Cite as:

Helene M. Langevin, Yaneer Bar-Yam, Donna Rizzo, and James R. Fox, Science meets Eastern medicine: Connective tissue, "qi" and network connectivity, at International Conference on Complex Systems (2006).

Western scientific and medical approaches so far have not been able to explain many concepts central to traditional Chinese medicine. We propose that this is largely due to Western science’s focus on parts, rather than whole systems. We further propose that the complex systems idea of network connectivity provides the necessary framework for bridging this conceptual gap. Recent scientific advances in the study of acupuncture and connective tissue [1-4] have provided tools for discussing and testing these ideas.

Chinese medicine theory postulates that a network of "meridians" exists within the body through which flows a form of energy and/or communication termed "qi". The meridian network is thought to interconnect both physical and functional aspects of the body. Health is believed to be characterized by an optimal amount and flow of qi through the meridian network. Both excess and deficiency of qi, as well as "blockage" of qi are thought to be associated with disease. Despite the increasing use of acupuncture and Chinese medicine in the Western world, the nature of this core concept of qi remains elusive.

Recent evidence suggests that a correspondence exists between acupuncture meridians and the body-wide network formed by connective tissue [5]. The functional role of connective tissue is not fully understood. However, a diverse set of structural, chemical and electrical phenomena are potentially mediated through connective tissue. Thus the connective tissue network may support an important, yet so far poorly recognized, body-wide communication system corresponding to meridians and qi.

The study of complex systems reveals that the right degree of connectedness / relatedness is essential for effective function [6]. Too strong (too many) or too weak (too few) connections are detrimental for the functioning of the system. The specific degree of coupling between particular components that is desirable is related to the nature of the system’s function. In health, the "right" amount of interconnections within connective tissue may support connective tissue network functionality, corresponding to an optimal flow of qi. Too few or too many interconnections, on the other hand, may be associated with network dysfunction and a "connectivity" disorder. Potential correlations between connective tissue function and traditional Chinese medical diagnosis and treatment could therefore serve as a basis for research that will clarify the conceptual basis of Chinese medicine as well as contribute to the understanding of health.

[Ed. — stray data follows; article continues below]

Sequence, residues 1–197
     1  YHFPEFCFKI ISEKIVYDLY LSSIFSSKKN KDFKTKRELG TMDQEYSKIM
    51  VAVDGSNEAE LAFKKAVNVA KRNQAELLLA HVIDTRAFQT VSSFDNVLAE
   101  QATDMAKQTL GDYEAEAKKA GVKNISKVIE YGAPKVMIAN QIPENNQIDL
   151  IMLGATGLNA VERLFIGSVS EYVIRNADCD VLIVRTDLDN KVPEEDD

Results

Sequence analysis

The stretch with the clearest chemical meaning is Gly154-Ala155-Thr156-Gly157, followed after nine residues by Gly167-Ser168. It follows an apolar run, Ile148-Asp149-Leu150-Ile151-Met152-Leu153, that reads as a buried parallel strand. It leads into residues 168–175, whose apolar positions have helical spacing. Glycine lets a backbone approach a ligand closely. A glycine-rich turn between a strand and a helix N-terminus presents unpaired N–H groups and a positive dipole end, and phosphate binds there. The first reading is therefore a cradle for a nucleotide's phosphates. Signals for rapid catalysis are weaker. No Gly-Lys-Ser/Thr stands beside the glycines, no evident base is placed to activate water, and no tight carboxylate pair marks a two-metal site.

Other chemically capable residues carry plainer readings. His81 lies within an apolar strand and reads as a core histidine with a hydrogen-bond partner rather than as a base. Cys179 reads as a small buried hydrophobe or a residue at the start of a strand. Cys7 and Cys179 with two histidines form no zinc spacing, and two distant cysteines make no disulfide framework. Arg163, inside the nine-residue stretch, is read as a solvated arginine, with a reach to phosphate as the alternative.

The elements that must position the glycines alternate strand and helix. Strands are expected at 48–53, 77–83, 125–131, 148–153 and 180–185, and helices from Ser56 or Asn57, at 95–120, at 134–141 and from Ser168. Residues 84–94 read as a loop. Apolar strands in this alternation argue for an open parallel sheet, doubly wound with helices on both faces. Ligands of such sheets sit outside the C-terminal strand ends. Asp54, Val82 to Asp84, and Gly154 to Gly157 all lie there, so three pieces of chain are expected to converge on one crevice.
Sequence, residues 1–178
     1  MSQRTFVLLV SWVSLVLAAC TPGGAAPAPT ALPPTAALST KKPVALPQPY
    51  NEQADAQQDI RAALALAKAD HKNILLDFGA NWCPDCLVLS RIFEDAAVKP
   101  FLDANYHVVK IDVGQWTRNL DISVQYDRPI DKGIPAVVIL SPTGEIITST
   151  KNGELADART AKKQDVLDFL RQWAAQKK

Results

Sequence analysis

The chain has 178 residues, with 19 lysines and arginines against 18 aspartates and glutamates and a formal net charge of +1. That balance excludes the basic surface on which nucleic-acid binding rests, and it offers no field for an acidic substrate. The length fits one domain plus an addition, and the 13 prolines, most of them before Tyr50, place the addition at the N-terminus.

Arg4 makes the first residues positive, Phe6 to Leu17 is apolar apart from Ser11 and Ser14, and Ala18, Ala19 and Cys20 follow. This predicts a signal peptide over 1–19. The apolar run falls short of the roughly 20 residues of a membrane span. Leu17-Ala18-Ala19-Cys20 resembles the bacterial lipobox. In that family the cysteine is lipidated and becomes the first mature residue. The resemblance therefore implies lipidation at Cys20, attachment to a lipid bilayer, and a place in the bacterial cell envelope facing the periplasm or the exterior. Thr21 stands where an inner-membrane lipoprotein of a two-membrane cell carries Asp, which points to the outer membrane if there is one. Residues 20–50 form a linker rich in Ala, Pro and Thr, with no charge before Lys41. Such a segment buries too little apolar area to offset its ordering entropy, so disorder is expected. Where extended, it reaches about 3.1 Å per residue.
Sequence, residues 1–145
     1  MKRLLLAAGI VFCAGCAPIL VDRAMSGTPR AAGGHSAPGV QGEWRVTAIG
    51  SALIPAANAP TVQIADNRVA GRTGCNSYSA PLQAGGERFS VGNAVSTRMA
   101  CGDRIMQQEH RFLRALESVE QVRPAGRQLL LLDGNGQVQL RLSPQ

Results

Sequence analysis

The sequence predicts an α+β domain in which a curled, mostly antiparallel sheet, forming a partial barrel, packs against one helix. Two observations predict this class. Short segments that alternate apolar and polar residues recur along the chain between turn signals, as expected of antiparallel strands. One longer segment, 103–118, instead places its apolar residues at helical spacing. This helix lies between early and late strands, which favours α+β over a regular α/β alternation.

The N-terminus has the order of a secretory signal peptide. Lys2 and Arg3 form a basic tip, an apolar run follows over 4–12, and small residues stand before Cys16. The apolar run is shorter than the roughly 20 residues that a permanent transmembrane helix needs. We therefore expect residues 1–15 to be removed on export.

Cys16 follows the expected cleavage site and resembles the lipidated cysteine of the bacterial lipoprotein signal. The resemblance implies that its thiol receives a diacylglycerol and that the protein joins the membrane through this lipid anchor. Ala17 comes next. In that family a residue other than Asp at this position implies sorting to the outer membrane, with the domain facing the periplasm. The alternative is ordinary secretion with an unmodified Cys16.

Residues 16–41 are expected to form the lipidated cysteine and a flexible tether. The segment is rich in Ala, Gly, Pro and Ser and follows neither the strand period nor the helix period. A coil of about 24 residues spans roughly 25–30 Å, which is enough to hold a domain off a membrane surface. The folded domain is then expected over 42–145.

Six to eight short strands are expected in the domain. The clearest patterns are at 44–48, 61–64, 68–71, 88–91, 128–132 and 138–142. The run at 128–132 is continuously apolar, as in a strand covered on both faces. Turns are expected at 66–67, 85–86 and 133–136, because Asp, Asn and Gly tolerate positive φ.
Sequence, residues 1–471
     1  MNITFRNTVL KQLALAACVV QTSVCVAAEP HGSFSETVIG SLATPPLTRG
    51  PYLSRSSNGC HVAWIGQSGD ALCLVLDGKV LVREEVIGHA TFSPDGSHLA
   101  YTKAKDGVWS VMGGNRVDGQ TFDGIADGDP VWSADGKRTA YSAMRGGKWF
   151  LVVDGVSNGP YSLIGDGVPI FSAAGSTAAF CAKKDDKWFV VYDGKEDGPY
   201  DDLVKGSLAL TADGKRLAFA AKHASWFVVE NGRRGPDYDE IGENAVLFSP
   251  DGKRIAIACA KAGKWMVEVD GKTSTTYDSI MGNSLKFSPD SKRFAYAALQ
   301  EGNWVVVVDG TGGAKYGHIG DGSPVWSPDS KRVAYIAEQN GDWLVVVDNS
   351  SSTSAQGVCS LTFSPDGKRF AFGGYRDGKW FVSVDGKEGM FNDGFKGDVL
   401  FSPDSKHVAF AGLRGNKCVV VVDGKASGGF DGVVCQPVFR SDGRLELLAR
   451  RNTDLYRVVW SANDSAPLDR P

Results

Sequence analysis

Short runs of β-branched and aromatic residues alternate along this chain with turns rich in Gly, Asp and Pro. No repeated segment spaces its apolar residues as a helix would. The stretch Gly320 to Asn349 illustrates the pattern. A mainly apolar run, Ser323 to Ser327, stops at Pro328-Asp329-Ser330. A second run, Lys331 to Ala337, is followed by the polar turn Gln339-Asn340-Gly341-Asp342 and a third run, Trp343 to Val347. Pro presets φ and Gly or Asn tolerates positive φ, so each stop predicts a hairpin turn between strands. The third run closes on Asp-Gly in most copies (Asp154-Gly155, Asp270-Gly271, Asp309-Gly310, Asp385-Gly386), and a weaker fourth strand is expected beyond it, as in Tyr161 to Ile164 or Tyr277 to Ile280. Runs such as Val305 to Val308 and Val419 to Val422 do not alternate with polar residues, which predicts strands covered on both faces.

Testing the concept of connective tissue network connectivity using computational modeling requires prior quantitative understanding of connective tissue anatomy from the point of view of structural continuity, amount and density of interconnections. Ultrasound imaging and statistical methods commonly used in geostatisics (variograms) provide useful tools to obtain and analyze images of connective tissue in vivo [7]. We have shown in 3-d renditions of ultrasound images of subcutaneous tissue that echogenic longitudinal bands in 2d ultrasound images correspond to collagenous sheets seen with conventional histology. This method will potentially allow comparative analysis of connective tissue structure in different syndromes described in traditional Chinese medicine and thus begin to investigate the concept of connective tissue connectivity in relation to health and disease.


  1. Langevin H.M., Churchill D.L., Cipolla M.J. Mechanical signaling through connective tissue: a mechanism for the therapeutic effect of acupuncture. FASEB J 15: 2275-2282, 2001.

  2. Langevin H.M., Churchill D.L., Wu J., Badger G.J., Yandow J.A., Fox, J.R., Krag, M.H. Evidence of connective tissue involvement in acupuncture. FASEB J 16:872-874, 2002.

  3. Langevin H.M., Cornbrooks C.J., Taatjes T.J. Fibroblasts form a body-wide cellular network. Histochem Cell Biol 122:7-15, 2004.

  4. Langevin HM, Bouffard NA, Badger GJ, Churchill DL, Howe AK. Subcutaneous tissue fibroblast cytoskeletal remodeling induced by acupuncture: evidence for a mechanotransduction-based mechanism. J Cellular Physiol 207(3):767-774, 2006.

  5. Langevin HM, Yandow JA. Relationship of acupuncture points and meridians to connective tissue planes. Anat Rec (New Anat) 269: 257-265, 2002.

  6. Bar Yam, Y. Dynamics of complex systems. Westview, Boulder CO, 1997.

  7. Goovaerts, P. Geostatistical tools for characterizing the spatial variability of microbiological and physico-chemical soil properties. Biology and Fertility of Soils 1998, 27: 315-334.